Twenty-Five Pieces of Advice from Famous Writers That Are Actually Useful! by Marie Lavender


25 Pieces of Advice from Famous Writers That Are Actually Useful!

by Marie Lavender

  
 
Some beginning writers feel that taking advice from dead or even current, famous authors is silly. “Just write; it’s simple.” 

 
Hannah Olinger, Unsplash

Well…yes, we should simplify everything, and get back to basics. Are we overloaded with writing tips from the internet? It’s possible. There’s no rule that says a writer should accept every crumb offered.

But dismissing good advice will help no one. Today, you can ignore me – hell, what do I know, anyway – and discover tips from authors we’ve all heard of!  :)

To be fair, they will also be from vastly different genres. I’ll list each one, and briefly discuss how their advice could help a writer at any stage of his or her process. Without further ado, let’s get into it, shall we?



“Observe strangers. Let your own version of their life story shoot through your head — how they got where they are now, where they might be going — and fill in the blanks for yourself.”

“Eavesdrop. Listen to the way people speak, but pay special attention to their silence.” 

Adelin Preda, Unsplash

Glad I’m not the only one who does this! People-watching is a big resource in learning how to make characters realistic.

Be creative! Once I witnessed a couple having a serious discussion in a parking lot. The woman was crying, and it was tough to watch, yet impossible to look away. I couldn’t tell what they were saying…it could’ve been anything from a tough break-up to the man comforting her over something she was dealing with. I just know it affected me, and I yearned to tell their story.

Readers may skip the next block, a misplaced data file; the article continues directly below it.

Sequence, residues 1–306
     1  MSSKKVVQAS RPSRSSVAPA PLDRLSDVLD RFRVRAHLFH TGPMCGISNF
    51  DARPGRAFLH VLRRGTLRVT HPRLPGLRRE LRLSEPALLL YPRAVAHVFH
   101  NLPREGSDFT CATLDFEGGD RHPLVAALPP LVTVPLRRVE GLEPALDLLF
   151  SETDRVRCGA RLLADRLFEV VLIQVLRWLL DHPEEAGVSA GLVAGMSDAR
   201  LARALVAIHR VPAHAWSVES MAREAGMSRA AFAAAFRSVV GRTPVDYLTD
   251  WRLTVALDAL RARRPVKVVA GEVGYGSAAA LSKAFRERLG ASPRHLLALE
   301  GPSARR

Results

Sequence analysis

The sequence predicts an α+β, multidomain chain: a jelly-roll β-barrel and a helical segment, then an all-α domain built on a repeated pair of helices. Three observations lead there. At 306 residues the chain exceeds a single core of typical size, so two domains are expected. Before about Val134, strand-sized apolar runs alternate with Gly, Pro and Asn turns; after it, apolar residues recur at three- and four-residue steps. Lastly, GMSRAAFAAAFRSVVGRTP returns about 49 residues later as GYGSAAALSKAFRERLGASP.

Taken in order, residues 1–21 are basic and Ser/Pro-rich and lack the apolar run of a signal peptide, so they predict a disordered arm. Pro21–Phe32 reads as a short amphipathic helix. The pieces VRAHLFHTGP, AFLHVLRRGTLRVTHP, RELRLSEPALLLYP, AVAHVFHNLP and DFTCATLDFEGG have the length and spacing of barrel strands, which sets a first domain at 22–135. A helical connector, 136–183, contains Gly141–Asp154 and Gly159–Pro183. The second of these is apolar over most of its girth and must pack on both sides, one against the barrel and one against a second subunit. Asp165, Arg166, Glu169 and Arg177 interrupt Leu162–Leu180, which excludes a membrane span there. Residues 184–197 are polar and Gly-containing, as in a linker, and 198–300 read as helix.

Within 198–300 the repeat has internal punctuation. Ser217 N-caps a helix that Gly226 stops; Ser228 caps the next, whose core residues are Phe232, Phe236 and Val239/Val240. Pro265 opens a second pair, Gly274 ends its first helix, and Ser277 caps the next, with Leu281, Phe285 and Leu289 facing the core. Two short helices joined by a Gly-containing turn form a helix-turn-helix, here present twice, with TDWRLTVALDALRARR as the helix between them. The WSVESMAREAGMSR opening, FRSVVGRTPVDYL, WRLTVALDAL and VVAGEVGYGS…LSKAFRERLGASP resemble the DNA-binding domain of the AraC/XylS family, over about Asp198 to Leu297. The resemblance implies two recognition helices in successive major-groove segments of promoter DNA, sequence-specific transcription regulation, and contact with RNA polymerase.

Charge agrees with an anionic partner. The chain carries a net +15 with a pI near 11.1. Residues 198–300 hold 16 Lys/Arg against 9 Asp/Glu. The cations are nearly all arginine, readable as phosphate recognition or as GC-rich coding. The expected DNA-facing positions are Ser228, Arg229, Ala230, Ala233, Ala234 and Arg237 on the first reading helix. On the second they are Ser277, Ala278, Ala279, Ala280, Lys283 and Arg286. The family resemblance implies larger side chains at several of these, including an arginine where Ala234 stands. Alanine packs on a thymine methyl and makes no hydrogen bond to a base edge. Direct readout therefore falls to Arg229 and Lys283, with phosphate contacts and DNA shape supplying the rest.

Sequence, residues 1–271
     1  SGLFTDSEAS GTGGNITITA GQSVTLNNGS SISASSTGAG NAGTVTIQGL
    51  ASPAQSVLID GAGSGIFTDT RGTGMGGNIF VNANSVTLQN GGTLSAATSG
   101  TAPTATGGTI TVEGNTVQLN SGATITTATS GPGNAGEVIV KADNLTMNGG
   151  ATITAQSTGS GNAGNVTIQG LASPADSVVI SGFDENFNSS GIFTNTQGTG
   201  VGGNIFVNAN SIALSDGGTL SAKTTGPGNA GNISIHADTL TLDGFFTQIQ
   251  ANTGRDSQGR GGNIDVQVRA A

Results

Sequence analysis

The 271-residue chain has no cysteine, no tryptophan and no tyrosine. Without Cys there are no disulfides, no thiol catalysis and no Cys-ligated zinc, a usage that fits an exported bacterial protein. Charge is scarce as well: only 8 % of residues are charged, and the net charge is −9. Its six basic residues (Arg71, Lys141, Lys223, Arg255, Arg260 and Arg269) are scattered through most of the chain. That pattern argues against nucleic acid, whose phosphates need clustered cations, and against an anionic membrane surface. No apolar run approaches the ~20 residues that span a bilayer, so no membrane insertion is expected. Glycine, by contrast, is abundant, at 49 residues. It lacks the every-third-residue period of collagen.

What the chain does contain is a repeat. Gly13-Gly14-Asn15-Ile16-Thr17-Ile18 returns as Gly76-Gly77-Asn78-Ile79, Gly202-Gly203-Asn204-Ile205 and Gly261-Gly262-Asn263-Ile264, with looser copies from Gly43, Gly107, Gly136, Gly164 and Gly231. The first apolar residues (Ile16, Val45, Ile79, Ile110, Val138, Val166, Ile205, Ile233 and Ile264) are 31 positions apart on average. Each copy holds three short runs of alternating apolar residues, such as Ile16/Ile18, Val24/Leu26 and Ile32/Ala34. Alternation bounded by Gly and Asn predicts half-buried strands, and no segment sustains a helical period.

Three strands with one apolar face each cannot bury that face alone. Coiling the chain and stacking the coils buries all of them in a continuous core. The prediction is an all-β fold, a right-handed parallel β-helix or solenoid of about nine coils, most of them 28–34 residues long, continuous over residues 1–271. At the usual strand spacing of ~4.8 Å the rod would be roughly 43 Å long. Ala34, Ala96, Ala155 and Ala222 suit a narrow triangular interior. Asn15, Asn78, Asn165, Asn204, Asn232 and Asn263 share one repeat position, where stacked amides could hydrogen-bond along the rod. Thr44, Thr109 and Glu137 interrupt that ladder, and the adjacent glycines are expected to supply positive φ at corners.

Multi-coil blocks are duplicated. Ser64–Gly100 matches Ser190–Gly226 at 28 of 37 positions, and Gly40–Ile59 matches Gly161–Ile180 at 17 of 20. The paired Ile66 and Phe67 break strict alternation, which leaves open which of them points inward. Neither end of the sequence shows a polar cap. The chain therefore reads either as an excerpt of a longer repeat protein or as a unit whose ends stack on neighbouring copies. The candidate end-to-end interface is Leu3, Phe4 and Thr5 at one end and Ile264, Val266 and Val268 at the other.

“Describe your characters beautifully if possible, and truthfully at any rate. Any captivating protagonist should be someone you can imagine in the center of all sorts of scenes.”

Your character’s description should be thorough. Don’t forget to cover their flaws as well. Readers will identify with people who are REAL.

Oladimeji Odunsi, Unsplash

Who is your main character/protagonist? Make sure you’ve selected the one who can best tell the story.



“Making people believe the unbelievable is no trick; it’s work. Belief and reader absorption come in the details: An overturned tricycle in the gutter of an abandoned neighborhood can stand for everything. Or a broken billboard. Or weeds growing in the cracks of a library’s steps. Of course, none of this means a lot without characters the reader cares about (and sometimes characters—‘bad guys’—the reader is rooting against).”

The key is ‘suspension of disbelief’. Even when you’re covering a fantastical world, the tale and characters should be relatable. 

Jeff Finley, Unsplash

“The writer must have a good imagination to begin with, but the imagination has to be muscular, which means it must be exercised in a disciplined way, day in and day out, by writing, failing, succeeding and revising.”

Keep writing. Don’t give up!

“Writers are often the worst judges of what they have written.”

Nothing will paralyze you more as a writer than your own opinion of a manuscript. We are our own worst critics. 

Tim Gouw, Unsplash

Diversely, we sometimes reach that point when we fall in love with our work. That’s what editors are for! They help to cut through some of that chaos.


No, it’s not. Writing is about joy, and finding a direct path to the story. Nothing else matters.



There is nothing to writing. All you do is sit down at a typewriter and bleed.” 

This is probably one of Hemingway’s most famous quotes about writing. Still, it’s true. Writing is both a simple and complex process. While you’re in the midst of a scene, you can tap into great emotions, and in a way, it is almost like nicking a vein.

“Don’t worry. You’ve written before and you will write again.”